In fact, poor customer service costs U.S. businesses $83 each year and 71% of consumers have ended their relationship with a company due to poor customer service.
So, how do you know if your customers are happy and you’re meeting their expectations? You ask! In this post, we’ll walk you through best practices and the types of questions to ask so you can get the most out of your customer service surveys.
Types of service survey questions
Depending on what you’re trying to measure, there are many types of surveys and questions you can ask to get a pulse on your customer service. It’s important to define your goals before writing your survey questions so you know the exact data you’re trying to uncover.
Agent-specific survey questions
Often, the agent your customer interacts with determines if they have a positive or negative experience with your company. Asking agent-specific questions is important because it lets you and your employees know if they’re meeting customer expectations. Once you uncover specific positive or improvement points, you can train and reward your employees.
Common questions include:
- Based on your recent interaction regarding (insert incident), how satisfied or dissatisfied were you with our service team member?
- How courteous or uncourteous would you say our service team member was?
- How knowledgeable or unknowledgeable would you say our service team member was?
- How effective or ineffective would you say the service team member’s communication was?
- How much did you feel our service member wanted to assist you?
Channel-specific survey questions
Including channel-specific questions on a customer service survey is beneficial because you’ll want to assess which customer support channel is the most effective, and which channels need to be retooled.
First, start by asking if the customer’s interaction with the customer support agent was their first attempt. The goal is to have customers’ questions answered on the first attempt because having to receive help multiple times can create a bad experience. If they answer yes, ask them which approach they attempted, so you can look for patterns. For example, if many customers first attempted to use your knowledge base and couldn’t find the answer, you may need to update it with additional information.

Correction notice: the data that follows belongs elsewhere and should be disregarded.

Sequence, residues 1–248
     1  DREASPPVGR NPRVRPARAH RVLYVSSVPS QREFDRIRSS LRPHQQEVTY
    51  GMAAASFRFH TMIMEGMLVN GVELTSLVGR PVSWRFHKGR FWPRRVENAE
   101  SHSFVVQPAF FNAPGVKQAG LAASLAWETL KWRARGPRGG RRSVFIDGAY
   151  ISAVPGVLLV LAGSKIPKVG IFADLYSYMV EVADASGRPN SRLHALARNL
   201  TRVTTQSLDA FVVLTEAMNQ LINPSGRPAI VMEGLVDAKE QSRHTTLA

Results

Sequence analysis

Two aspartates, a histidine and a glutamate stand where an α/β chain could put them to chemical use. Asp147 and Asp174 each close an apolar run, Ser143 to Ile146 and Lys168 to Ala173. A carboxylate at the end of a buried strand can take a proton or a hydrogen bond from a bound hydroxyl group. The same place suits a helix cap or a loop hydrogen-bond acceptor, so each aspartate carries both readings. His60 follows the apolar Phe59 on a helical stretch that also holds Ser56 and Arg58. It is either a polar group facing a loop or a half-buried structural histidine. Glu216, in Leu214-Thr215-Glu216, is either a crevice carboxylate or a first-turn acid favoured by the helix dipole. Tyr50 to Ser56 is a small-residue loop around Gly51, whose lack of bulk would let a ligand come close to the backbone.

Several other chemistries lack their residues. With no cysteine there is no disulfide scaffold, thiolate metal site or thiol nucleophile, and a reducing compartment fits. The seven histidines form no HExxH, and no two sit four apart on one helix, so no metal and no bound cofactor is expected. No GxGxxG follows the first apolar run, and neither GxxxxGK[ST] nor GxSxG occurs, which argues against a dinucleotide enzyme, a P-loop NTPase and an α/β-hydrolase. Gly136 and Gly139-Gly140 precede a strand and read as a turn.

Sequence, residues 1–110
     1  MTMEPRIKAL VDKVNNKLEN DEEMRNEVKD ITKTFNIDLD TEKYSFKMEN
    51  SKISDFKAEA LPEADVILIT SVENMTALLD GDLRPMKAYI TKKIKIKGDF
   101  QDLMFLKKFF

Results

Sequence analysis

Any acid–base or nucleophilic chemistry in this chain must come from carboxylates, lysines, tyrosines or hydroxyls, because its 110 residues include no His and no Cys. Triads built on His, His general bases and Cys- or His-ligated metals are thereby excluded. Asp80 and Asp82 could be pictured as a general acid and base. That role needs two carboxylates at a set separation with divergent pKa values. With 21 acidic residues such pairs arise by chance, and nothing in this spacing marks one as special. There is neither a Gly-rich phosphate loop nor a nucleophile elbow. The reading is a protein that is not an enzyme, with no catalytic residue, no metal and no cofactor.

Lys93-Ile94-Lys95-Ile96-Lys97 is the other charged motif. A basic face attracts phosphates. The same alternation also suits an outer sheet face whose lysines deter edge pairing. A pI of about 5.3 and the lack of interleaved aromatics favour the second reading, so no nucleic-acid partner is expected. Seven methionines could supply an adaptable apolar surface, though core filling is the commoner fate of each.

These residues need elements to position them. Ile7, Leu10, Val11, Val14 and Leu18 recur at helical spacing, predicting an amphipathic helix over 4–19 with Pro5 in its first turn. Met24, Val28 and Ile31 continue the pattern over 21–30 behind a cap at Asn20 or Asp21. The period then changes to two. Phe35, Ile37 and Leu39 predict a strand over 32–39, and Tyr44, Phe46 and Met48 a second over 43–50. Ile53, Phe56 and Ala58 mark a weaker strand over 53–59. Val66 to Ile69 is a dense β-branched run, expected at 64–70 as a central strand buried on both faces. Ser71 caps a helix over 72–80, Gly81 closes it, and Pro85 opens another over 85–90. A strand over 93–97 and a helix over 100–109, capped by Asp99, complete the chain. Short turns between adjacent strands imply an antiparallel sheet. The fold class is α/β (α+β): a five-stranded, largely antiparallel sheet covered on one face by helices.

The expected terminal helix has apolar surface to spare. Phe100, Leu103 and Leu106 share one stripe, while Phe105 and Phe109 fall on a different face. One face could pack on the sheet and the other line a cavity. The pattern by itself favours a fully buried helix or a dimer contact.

In addition, you could ask questions about specific support channels like live chat, call center, and mobile app to see which channels your customers prefer and which are most helpful.
Customer Effort Score (CES)
The goal of a CES survey is to understand how much effort the customer exerted to get his questions answered. The idea is that customers are more loyal to a product or service that is easier to use. CES surveys should be deployed immediately after interactions or specific touchpoints like a product purchase or an interaction with customer service. While this can be a single question survey, making it five questions will give you a lot more information.
Questions on a CES survey
First, ask the initial question, “on a scale of ‘very easy’ to ‘very difficult’, how easy was it to interact with [company name].” If the customer says “difficult” or “somewhat difficult,” it’s always helpful to ask what made their experience difficult so you can improve.
Next, asking if they accomplished their goal in contacting you lets you know if their issue is resolved. If it’s not, you may want to reach back out to close the feedback loop and ensure the situation is resolved.
Finally, by offering the customer the chance to provide additional information you can gather invaluable insights that matrix survey questions can’t provide. Once you gather the responses, you can use Text IQ to analyse and understand what, in your customers and employees own words, matters most.
CES is an industry benchmark. It’s important to ask these questions so you can understand where you stand among the competition. With this data, you can set goals, measure your performance over time, and see where you need to improve. By sending the same benchmarking survey to the same customers at regular intervals, you can understand how they view your company over time.
Don’t ask questions you already have answers to
Believe it or not, most of your customers don’t love taking surveys. They’re doing you a favor by giving you feedback, so you should respect their time. It’s best practice to avoid asking questions you already know the answer to like the agent’s name, that date the customer contacted you, what type of issue they had, what product they own, etc. A smart customer experience management platform will be able to automatically keep track of this information, so you can focus on asking questions about their customer experience.
Keep it short and sweet
The average attention span is only 8 seconds and the world is now embracing short. Even Pepsi created 5-second ads that aired on TV and online. When it comes to surveys, research has found that shorter is better, as long as you’re getting the pertinent information. In fact, it’s better to send out 2 shorter surveys than one long survey because your customers are more likely to complete a shorter survey.